|System: X360, PS3||Review Rating Legend|
|Dev: Yuke's Media||1.0 - 1.9 = Avoid||4.0 - 4.4 = Great|
|Pub: THQ||2.0 - 2.4 = Poor||4.5 - 4.9 = Must Buy|
|Release: May 19, 2009||2.5 - 2.9 = Average||5.0 = The Best|
|Players: 1-2||3.0 - 3.4 = Fair|
|ESRB Rating: Teen||3.5 - 3.9 = Good|
by Amanda L. Kondolojy
May 11, 2009 - If you ask someone what the Ultimate Fighting Championship (UFC) is, you'll probably get a lot of answers. Despite being the fastest growing sport in the world, it has its critics. However, after spending some serious time with UFC 2009 Undisputed, I have definitely come away with a lot more respect for what the UFC is and what this game is trying to accomplish. Although games based on properties like the WWE focus on over-the-top moves and theatrics, in UFC Undisputed it is all about stats and strategy. Just like some of the bigger sports titles, UFC 2009 Undisputed sets out to really give players the experience of the sport, and on that note, this title is really looking to succeed.
During my time with UFC 2009 Undisputed, I got to experience all three of the game's main modes: career, exhibition, and a classic fights. The career mode is certainly the deepest of the three modes, having you create a unique UFC fighter. Although the creation options aren't the deepest I have ever seen, making your own unique MMA fighter is easy enough, and there are enough tattoo, hair, and shorts options to make the process quite enjoyable.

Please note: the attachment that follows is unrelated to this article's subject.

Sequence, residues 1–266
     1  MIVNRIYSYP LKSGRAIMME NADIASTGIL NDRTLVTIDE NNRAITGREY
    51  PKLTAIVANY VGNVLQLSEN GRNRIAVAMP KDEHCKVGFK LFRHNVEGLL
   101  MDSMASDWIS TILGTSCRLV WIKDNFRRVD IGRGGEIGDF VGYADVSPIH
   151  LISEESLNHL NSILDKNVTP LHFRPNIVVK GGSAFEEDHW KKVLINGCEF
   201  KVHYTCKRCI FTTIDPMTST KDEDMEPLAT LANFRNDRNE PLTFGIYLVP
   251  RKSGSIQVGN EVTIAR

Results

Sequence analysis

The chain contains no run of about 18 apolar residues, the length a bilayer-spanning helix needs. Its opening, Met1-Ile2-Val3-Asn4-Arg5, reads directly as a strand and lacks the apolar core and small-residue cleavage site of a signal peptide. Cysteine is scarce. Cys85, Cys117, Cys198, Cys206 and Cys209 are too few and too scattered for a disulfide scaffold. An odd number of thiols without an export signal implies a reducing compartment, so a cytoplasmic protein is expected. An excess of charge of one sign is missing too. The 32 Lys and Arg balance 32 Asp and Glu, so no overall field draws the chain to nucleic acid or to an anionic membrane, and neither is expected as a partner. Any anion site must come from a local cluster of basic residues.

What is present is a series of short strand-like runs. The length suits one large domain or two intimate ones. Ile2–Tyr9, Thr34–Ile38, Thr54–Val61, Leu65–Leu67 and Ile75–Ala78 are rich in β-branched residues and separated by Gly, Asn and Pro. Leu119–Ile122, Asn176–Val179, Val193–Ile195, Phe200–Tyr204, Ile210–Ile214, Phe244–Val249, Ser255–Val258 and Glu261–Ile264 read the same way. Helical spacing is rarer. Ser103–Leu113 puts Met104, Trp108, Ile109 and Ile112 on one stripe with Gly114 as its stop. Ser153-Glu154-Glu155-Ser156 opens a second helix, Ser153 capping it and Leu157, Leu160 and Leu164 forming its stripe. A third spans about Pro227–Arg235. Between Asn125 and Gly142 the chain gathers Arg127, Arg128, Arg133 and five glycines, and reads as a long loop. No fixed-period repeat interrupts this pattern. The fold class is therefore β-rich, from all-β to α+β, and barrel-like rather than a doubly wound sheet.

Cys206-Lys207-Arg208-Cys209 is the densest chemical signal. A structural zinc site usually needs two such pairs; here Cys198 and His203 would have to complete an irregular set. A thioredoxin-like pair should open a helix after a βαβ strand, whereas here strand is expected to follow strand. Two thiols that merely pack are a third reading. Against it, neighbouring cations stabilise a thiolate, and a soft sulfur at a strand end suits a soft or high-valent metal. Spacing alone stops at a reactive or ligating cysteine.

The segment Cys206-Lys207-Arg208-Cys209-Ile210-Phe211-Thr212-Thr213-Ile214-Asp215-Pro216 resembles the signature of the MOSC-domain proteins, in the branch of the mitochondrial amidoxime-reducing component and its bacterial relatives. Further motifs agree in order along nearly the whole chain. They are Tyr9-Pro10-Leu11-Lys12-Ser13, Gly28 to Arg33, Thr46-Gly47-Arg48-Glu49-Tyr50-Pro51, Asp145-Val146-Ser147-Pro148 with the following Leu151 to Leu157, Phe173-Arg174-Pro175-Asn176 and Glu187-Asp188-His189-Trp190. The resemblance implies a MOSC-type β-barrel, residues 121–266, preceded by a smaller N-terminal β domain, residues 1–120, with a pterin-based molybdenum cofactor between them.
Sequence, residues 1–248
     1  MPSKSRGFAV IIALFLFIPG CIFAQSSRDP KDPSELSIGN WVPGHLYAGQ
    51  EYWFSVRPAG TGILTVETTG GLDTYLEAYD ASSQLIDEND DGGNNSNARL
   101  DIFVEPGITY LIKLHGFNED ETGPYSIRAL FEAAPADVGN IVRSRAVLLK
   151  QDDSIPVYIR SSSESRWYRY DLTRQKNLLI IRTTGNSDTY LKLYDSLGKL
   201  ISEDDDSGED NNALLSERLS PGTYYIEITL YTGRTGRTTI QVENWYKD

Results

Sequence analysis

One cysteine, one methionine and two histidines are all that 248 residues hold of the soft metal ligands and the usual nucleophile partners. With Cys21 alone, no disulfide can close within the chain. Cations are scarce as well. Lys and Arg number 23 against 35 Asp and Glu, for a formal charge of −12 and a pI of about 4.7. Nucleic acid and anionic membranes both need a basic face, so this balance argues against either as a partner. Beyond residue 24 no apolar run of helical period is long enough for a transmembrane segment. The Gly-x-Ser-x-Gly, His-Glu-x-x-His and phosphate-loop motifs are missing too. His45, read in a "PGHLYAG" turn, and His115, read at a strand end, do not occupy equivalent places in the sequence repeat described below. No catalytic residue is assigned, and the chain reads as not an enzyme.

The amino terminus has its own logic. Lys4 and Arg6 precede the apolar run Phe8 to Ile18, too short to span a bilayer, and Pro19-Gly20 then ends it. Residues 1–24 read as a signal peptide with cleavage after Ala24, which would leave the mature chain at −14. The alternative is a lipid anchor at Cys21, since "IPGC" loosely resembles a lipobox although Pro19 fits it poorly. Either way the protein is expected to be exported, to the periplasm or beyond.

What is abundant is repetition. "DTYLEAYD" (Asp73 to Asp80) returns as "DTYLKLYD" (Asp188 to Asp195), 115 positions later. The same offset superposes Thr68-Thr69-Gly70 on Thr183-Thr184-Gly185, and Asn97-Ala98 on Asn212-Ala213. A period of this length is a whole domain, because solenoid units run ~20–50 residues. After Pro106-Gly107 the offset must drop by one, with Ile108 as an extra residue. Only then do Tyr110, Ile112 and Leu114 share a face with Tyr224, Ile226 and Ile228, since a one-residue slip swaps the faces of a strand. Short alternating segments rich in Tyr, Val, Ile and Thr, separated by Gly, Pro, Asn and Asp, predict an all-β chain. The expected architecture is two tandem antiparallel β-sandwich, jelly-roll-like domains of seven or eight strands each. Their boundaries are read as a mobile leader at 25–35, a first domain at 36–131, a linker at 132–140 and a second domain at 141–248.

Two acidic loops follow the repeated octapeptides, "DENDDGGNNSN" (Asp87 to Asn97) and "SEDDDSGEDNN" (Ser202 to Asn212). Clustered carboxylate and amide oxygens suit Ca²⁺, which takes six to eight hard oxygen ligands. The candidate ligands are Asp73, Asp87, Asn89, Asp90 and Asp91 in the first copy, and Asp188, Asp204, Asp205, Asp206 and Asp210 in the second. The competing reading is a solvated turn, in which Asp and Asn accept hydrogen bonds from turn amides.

In addition to your looks, you will also be able to customize your character's fighting style as well as level of experience in certain areas. You will be able to choose from all the major MMA-recognized fighting types, including Brazilian Jiu-Jitsu, wrestling, and kickboxing. You can also assign stat points to your characters offensive and defensive moves, both on the ground and standing. There are also overarching speed, stamina, and power attributes that you can assign your fighter. The fighter attributes customization is really immersive and impressive, and once you are finished, you can definitely feel confident that you have made a one-of-a-kind fighter.
Once you have made your character in Career mode, you will need to go through the ranks and gain "cred" as a UFC fighter. You can do this by participating in matches and taking on the big names in the UFC. However, the game is not as simple as other arcade-style sports titles, and it seeks to really involve you in the managerial and strategic elements of being a UFC fighter. When you are scheduled for matches, generally you will have a few weeks of lead time, which allows you to train and spar. Your training will help you increase your speed, stamina, and power stats, and the results of sparring matches will allow you to assign extra points to specific fighting attributes. You will also need to manage a rest mechanic that will allow you to go into sparring as well as matches with higher stamina.